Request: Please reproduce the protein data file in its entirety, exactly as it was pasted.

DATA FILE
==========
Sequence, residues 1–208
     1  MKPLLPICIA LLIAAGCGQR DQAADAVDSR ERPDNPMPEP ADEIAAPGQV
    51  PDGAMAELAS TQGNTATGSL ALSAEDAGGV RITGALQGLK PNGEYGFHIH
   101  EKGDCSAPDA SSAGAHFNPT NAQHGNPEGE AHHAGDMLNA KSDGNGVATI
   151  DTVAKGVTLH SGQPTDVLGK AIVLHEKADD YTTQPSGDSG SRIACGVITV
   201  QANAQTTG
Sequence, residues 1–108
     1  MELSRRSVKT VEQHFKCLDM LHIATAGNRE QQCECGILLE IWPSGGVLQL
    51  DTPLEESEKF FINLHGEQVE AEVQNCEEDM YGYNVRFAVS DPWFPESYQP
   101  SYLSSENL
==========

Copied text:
Sequence, residues 1–208
     1  MKPLLPICIA LLIAAGCGQR DQAADAVDSR ERPDNPMPEP ADEIAAPGQV
    51  PDGAMAELAS TQGNTATGSL ALSAEDAGGV RITGALQGLK PNGEYGFHIH
   101  EKGDCSAPDA SSAGAHFNPT NAQHGNPEGE AHHAGDMLNA KSDGNGVATI
   151  DTVAKGVTLH SGQPTDVLGK AIVLHEKADD YTTQPSGDSG SRIACGVITV
   201  QANAQTTG
Sequence, residues 1–108
     1  MELSRRSVKT VEQHFKCLDM LHIATAGNRE QQCECGILLE IWPSGGVLQL
    51  DTPLEESEKF FINLHGEQVE AEVQNCEEDM YGYNVRFAVS DPWFPESYQP
   101  SYLSSENL